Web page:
In 2019, as part of John Dyer's Last Chance to Paint global art project, the Born Free Foundation and explorer Robin Hanbury-Tenison OBE, worked with John Dyer to put together a unique art expedition 'Person of the Forest' to explore and paint the rainforest of Borneo, to meet the Penan tribe and to travel deep into protected rainforest areas to live alongside and paint orangutans with the Orangutan Foundation.
You can read all about the extensive expedition, daily blogs, watch daily videos, see photographs, and listen to tribal Penan music on the Last Chance to Paint Borneo chapter. You might also want to discover John Dyer's art from the Amazon.
The expedition team traveled first to Mulu in Borneo to explore the rainforest, amazing cave systems, to watch the bat exodus and to meet the Penan tribe in two tribal villages; Long Iman and Batu Bungan.
The second part of the expedition saw the team head to the far south of Borneo, where the Orangutan Foundation arranged special government permission for the artist to travel into the protected Lamandau Nature Reserve to live alongside and paint wild and orphaned orangutans.
As John Dyer painted in Borneo the rainforest burnt with the sky thick with smoke and burnt rainforest leaves.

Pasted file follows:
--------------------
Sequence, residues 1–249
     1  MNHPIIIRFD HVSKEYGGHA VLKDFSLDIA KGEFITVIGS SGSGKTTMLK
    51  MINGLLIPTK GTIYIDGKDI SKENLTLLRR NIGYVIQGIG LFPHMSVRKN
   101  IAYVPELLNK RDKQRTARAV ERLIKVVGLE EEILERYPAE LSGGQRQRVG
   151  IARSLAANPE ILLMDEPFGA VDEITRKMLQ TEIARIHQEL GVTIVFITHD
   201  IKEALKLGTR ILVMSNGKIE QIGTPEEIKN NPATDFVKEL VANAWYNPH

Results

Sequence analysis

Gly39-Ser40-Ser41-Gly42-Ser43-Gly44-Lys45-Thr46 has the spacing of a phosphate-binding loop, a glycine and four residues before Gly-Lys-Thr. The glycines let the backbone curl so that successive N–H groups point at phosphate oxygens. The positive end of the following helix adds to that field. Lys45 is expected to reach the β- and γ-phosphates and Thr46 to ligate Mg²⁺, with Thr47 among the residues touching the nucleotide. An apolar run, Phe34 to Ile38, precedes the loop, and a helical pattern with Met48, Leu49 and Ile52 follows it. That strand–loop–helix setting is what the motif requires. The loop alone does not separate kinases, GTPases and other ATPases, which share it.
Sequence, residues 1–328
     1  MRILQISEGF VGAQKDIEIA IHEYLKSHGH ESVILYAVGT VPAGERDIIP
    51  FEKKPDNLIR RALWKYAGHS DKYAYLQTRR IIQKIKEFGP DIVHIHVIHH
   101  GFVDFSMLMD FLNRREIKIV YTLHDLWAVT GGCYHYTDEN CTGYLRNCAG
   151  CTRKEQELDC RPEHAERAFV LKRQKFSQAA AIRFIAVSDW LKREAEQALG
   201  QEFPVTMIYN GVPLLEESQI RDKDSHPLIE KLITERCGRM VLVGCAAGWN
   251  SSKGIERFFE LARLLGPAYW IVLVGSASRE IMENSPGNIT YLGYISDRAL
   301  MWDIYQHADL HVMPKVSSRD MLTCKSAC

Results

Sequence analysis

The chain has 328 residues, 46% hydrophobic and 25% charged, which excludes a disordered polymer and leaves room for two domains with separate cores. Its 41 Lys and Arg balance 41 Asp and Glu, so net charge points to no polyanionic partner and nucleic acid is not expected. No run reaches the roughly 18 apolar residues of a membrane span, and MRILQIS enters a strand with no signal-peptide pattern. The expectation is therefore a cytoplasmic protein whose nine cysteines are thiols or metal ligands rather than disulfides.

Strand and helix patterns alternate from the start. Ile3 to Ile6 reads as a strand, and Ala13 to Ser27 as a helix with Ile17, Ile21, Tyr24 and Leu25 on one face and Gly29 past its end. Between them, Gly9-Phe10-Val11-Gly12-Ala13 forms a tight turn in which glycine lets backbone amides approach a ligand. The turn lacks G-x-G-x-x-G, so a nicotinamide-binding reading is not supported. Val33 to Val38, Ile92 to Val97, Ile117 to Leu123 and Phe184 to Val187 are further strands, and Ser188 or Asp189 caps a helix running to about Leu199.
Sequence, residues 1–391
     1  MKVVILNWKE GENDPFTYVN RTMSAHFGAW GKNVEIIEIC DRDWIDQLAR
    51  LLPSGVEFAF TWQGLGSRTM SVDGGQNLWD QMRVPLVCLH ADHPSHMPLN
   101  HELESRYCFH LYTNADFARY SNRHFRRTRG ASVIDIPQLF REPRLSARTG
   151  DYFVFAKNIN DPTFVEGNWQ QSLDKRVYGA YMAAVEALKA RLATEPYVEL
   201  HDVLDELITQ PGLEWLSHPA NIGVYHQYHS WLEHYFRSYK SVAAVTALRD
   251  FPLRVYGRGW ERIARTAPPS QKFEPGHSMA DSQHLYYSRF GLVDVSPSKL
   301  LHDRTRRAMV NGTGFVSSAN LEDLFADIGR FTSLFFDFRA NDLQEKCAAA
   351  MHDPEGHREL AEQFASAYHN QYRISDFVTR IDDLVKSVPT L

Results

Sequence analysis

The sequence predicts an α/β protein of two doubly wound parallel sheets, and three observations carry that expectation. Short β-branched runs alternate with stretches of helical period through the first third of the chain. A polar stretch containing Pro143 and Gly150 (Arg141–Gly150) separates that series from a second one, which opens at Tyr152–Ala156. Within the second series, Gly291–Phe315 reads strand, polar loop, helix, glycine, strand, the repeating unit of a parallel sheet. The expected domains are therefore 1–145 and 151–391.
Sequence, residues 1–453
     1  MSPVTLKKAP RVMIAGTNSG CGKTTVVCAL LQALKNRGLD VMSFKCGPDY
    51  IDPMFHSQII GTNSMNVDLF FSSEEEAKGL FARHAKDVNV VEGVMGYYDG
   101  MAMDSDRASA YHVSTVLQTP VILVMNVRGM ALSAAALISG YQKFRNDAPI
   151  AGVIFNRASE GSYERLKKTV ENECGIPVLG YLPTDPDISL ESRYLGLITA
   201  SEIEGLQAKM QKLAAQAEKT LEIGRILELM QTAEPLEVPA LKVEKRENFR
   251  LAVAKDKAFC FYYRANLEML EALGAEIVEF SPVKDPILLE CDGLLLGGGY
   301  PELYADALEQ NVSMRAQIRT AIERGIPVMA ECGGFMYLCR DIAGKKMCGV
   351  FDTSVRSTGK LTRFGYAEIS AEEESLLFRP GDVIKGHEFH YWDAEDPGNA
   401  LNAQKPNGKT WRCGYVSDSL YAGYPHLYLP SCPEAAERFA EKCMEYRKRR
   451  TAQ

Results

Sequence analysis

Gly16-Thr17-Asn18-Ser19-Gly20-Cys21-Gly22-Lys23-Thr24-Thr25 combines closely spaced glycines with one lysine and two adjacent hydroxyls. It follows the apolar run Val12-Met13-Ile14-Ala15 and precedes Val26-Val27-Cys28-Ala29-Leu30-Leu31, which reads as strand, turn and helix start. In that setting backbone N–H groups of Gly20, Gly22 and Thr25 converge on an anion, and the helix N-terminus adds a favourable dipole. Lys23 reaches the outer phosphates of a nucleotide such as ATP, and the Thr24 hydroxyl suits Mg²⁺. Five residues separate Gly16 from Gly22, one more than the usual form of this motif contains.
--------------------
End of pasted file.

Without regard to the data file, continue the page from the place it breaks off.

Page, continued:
Above: John Dyer painting in the Borneo Rainforest in 2019. Photograph courtesy of Martha-Lilly Dyer.
"We never expected to be on the frontline of climate change, but the situation in Borneo was desperate. The entire time we were in the protected Lamandau reserve we were breathing in smoke, sometimes not too bad, but at other times we needed facemasks. The entire time clumps of burnt rainforest leaves were gently drifting down from the sky that we could catch and they then disintegrated into ash in our hands. The burning was intense, the worst year in history, as farmers took the opportunity to clear as much rainforest as they could in the dry season to establish yet more palm oil plantations. The orangutans are already critically endangered and sadly this could be one of the last chances to paint them in the wild unless something dramatic changes for the better soon."